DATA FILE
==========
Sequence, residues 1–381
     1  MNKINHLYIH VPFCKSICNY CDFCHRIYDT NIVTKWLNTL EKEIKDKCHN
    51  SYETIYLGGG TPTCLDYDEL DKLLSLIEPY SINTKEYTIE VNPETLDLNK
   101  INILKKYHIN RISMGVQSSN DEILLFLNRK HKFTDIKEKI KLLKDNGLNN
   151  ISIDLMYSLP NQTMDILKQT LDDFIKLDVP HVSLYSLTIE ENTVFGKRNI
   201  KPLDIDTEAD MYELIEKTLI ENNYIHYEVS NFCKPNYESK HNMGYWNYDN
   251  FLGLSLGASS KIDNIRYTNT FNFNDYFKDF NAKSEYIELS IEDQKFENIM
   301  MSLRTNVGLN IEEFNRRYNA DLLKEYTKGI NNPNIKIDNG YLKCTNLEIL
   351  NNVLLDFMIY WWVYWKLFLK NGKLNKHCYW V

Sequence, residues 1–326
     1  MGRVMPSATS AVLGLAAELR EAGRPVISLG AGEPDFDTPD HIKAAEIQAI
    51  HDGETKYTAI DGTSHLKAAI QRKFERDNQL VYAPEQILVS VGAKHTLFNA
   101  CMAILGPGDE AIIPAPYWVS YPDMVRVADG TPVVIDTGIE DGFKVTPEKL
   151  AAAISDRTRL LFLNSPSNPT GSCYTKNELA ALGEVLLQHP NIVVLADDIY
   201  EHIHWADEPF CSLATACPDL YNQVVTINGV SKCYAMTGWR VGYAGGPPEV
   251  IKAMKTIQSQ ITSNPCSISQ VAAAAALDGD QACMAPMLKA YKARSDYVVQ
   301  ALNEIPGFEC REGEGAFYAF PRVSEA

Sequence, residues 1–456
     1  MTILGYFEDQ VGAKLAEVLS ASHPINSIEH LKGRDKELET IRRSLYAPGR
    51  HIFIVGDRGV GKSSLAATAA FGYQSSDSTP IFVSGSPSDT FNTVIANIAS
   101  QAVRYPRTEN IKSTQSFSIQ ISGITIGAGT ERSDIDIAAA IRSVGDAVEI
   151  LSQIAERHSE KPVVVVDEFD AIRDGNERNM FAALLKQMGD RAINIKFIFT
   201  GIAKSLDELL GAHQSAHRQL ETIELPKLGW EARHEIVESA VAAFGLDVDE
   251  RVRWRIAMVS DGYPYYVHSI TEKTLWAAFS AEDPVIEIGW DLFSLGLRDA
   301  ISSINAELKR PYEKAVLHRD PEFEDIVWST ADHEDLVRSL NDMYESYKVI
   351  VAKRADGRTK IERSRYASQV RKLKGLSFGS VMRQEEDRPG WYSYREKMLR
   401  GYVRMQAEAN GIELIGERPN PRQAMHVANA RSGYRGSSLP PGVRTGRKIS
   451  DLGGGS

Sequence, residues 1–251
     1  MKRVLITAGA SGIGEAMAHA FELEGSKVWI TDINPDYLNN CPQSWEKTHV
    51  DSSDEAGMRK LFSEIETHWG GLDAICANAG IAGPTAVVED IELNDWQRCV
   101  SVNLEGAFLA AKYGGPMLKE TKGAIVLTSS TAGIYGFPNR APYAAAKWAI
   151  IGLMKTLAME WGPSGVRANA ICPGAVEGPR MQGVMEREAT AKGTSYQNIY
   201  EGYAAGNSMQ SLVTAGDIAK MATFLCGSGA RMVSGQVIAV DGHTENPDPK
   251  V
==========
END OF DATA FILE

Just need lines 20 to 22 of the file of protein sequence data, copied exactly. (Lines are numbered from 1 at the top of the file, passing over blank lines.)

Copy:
    51  HIFIVGDRGV GKSSLAATAA FGYQSSDSTP IFVSGSPSDT FNTVIANIAS
   101  QAVRYPRTEN IKSTQSFSIQ ISGITIGAGT ERSDIDIAAA IRSVGDAVEI
   151  LSQIAERHSE KPVVVVDEFD AIRDGNERNM FAALLKQMGD RAINIKFIFT